How can vintage audio gear and formats sound so good?

I’d like you to consider something: we put men on the Moon in 1969, more than 50 years ago.

There are three key elements here:

Take a moment to process that, and no, it wasn’t a hoax. Do you reckon we could do it now..? I seriously have my doubts, but either way, it tells you a great deal about the state of design and engineering in the ’60s and ’70s.

I should add that Voyager space probes with their gold-plated records have already left the solar system. One of these probes still works, sending signals back to Earth from nearly 20 BILLION km away. Probes also landed on Mars. In the ’70s…

Think about these achievements. Ponder the materials, science, electronics and all-around engineering genius necessary to achieve these feats. Analog audio is fairly straightforward by comparison and a quick scan of the annals of hi-fi history shows that some spectacularly good equipment came out around this time and even earlier.

You see, people often incorrectly assume that all the technological improvements we’ve made since we put people on the Moon directly correlate with improvements in audio. Some do, but many, even most, don’t. We had the technology and engineering to make extraordinary equipment and recordings, way back in the 1950s.

Some of the very best recordings were made with valve microphones, direct-to-tape in the ’50s and ’60s. The audio spectrum is quite narrow and technically not that hard to reproduce. Dynamic range is where things get trickier, but magnetic tape running at 15IPS can do it and vinyl does an admirable job of reproducing it.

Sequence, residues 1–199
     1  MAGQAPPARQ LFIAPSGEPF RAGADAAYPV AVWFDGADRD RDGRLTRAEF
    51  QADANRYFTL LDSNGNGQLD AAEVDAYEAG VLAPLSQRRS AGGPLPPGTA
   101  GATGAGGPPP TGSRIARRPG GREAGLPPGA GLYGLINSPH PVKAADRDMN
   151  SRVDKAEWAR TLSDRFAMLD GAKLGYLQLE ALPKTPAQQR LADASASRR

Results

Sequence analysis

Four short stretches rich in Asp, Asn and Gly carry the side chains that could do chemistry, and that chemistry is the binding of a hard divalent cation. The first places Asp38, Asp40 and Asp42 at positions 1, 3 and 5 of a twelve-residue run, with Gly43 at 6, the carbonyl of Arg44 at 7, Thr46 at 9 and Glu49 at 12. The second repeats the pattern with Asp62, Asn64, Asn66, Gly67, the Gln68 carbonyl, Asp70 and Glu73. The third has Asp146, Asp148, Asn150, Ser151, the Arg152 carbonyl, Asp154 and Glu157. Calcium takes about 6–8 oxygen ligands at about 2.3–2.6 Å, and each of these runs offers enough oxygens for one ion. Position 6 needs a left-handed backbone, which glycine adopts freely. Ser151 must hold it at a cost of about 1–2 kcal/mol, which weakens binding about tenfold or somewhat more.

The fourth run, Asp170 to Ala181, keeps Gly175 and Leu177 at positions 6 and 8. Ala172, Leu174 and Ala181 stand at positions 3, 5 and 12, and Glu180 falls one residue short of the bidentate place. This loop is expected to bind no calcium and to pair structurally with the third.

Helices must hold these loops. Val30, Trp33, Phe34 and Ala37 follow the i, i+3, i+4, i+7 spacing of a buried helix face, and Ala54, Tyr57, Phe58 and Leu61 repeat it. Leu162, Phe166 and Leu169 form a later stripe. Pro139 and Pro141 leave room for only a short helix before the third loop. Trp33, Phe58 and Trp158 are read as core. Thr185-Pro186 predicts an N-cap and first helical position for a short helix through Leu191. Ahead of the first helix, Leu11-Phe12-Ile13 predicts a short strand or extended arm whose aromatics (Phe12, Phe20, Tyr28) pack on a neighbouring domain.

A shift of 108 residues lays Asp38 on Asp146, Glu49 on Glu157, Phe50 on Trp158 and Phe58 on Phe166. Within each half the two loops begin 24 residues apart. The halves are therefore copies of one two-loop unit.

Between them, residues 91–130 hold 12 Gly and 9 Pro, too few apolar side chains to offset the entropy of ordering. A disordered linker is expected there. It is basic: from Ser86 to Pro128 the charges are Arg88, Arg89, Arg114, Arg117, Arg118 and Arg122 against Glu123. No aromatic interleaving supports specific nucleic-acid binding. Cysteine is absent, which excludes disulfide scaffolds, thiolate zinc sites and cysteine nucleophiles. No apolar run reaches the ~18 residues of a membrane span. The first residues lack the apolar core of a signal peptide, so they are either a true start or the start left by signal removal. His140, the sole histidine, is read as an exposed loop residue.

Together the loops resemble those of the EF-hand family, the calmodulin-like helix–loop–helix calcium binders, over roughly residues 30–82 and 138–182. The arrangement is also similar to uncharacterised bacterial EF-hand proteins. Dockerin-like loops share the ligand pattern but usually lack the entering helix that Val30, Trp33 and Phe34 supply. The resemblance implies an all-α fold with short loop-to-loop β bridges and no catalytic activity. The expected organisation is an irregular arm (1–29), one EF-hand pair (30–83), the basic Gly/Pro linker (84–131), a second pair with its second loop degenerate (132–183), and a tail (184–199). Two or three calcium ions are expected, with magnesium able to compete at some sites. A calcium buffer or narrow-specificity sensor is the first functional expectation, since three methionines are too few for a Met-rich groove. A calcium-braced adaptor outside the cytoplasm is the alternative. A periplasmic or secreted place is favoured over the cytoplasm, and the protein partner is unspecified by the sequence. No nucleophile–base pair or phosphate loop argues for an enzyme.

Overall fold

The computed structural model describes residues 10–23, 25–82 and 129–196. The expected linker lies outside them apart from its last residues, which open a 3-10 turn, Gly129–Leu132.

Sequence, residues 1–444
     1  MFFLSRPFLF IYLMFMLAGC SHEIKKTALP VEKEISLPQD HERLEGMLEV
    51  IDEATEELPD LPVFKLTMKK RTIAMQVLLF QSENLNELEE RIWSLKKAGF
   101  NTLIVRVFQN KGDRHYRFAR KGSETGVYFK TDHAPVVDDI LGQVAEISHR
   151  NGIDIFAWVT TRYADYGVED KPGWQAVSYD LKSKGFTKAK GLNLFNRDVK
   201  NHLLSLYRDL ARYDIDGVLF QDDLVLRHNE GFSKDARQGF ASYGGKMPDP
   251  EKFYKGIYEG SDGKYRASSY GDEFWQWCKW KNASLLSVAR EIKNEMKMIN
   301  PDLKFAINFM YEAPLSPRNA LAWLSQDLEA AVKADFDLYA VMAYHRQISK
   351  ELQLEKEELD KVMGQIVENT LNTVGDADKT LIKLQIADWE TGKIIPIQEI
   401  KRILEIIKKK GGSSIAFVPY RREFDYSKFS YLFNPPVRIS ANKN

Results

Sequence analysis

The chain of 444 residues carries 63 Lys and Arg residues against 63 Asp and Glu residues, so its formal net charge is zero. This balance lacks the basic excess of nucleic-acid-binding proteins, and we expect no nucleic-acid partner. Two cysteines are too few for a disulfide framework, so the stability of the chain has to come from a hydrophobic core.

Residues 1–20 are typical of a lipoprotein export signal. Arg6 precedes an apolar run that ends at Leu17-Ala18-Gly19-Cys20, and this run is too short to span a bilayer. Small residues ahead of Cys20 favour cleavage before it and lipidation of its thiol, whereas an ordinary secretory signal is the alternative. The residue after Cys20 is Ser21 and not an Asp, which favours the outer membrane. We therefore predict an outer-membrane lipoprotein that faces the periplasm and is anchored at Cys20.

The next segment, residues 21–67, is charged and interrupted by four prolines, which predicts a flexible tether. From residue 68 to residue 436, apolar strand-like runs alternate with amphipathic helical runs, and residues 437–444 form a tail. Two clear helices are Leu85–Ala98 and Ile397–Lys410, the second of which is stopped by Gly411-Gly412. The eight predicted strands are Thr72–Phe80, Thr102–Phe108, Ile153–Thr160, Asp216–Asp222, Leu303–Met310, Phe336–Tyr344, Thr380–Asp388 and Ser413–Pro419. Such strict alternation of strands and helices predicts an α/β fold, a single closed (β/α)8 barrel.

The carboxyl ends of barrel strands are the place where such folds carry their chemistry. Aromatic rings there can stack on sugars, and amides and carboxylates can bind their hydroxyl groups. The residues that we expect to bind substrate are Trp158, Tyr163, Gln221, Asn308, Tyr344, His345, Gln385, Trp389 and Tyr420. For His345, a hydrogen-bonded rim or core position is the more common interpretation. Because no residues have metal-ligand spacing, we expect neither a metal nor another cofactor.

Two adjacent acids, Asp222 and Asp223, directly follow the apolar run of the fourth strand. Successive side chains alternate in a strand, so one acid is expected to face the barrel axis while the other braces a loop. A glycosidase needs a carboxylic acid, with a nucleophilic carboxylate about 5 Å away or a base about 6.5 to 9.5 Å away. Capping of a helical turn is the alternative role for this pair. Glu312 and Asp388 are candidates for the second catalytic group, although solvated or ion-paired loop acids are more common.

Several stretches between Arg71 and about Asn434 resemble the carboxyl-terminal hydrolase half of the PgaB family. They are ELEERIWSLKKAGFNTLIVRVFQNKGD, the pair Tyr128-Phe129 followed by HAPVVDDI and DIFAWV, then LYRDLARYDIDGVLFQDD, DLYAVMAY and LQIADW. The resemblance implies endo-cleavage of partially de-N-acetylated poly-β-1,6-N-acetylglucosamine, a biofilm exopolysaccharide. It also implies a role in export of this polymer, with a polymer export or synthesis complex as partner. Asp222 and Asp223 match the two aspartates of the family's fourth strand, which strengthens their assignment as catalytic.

Sure, consoles and equipment have continued to improve, but the formats – reel-to-reel tape and vinyl – remain as good as they always were. Arguably the hardware, ie tape machines, valve microphones, cabling etc was better then.

There have undoubtedly been some major improvements in transistors, integrated circuits, DACs and so on. But there have also been increases in wages and conditions which have seen the need to automate and simplify production and move away from expensive metal and glass construction, in favour of cheaper plastic-based materials and machine assembly. Stuff costs less but doesn’t last as long either.

I’m not for a moment saying all old gear and formats sound better, because they don’t. The Compact Cassette is a good example. It’s fundamentally flawed and really only sounded good towards the end of its life. Vinyl on the other hand has always sounded great and always will.

I have a few of my Mum’s records from the ’50s and they are some of the very best recordings I own. Again, think about that. My system sounds unbelievable and some of my best recordings are from the 1950s. Extraordinary, but true.

High-resolution digital is where things have really come a long way, but even good old Redbook CD can sound excellent, with the right equipment.

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